SCOTLAND'S women rugby players stick to the tried and tested as they head into the unknown in the opening round of the Women's Rugby World Cup today. They may be fifth seeds and European champions but the pressure is on from the start.
The problem, as Barbara Wilson, the Scottish women's rugby administrator, admits is that all they know about Samoa, their opening opponents is that 23 of the 26 in the squad are based in New Zealand and that they are huge. "I saw that there is only one of their team who weighs less than 75kg (just under 12st) but there's only about half our squad who reach that," she says. "But the girls are prepared for a strong match and are geared up to give them a game. It is not always the biggest that wins these things."
While Samoa may have size and weight, Scotland have teamwork and confidence. Their opponents are a scratch side pulled together after the Black Ferns had had their pick of the leading players in New Zealand and have little experience of playing with each other or at this level.
And Scotland are heading for the World Cup with something to prove. While England have been getting most of the kudos and far more financial support -Scotland won the European title despite having had their lottery backing withdrawn and now that it is back, it is at a level that pales into insignificance compared with the money allocated to their English rivals -the Scots have been putting together some solid performances and head for Barcelona ranked only two below England.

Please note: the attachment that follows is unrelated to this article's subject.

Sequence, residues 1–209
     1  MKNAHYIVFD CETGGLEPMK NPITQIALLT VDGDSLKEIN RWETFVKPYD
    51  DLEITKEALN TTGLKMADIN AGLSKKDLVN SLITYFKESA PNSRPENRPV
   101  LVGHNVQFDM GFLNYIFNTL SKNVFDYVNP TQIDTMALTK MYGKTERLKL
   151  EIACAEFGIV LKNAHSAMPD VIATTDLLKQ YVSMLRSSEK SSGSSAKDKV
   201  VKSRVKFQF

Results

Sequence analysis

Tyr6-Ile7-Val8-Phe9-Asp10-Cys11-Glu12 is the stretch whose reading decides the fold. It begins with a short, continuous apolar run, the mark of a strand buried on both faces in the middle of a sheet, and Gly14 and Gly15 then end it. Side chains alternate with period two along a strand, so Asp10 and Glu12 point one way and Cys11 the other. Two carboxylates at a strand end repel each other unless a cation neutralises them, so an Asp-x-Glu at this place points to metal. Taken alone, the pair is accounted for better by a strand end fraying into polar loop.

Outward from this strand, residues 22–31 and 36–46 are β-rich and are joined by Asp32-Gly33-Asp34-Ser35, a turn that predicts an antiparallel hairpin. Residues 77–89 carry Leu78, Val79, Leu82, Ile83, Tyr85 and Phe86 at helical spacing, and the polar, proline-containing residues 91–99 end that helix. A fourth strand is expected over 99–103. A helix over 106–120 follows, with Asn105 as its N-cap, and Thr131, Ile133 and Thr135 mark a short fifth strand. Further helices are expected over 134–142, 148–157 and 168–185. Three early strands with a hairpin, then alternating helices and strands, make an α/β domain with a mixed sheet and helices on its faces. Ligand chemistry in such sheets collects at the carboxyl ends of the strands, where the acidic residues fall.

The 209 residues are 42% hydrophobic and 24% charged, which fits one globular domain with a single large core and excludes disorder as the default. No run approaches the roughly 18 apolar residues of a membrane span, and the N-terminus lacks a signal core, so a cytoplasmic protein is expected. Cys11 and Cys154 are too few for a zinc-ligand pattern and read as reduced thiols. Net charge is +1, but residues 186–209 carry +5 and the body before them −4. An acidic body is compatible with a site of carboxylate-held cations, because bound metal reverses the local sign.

In the Six Nations just ended, Scotland finished third, comfortably beaten by England but frustrated and angry with themselves for losing to France who went on to claim a grand slam. "We were all over them but could not score," Karen Findlay, the captain, said. "It was incredibly frustrating, we know we should have won that game."
Women's rugby is growing in Scotland but a big performance from the national side would be a huge boost, raising its profile to the stage where sponsors, a strong public following and a decent slice of financial support would inevitably follow. Failure would set the project back years, which is why today's game is vital for women's rugby in Scotland.
The Times (London, England) (May 13, 2002): p29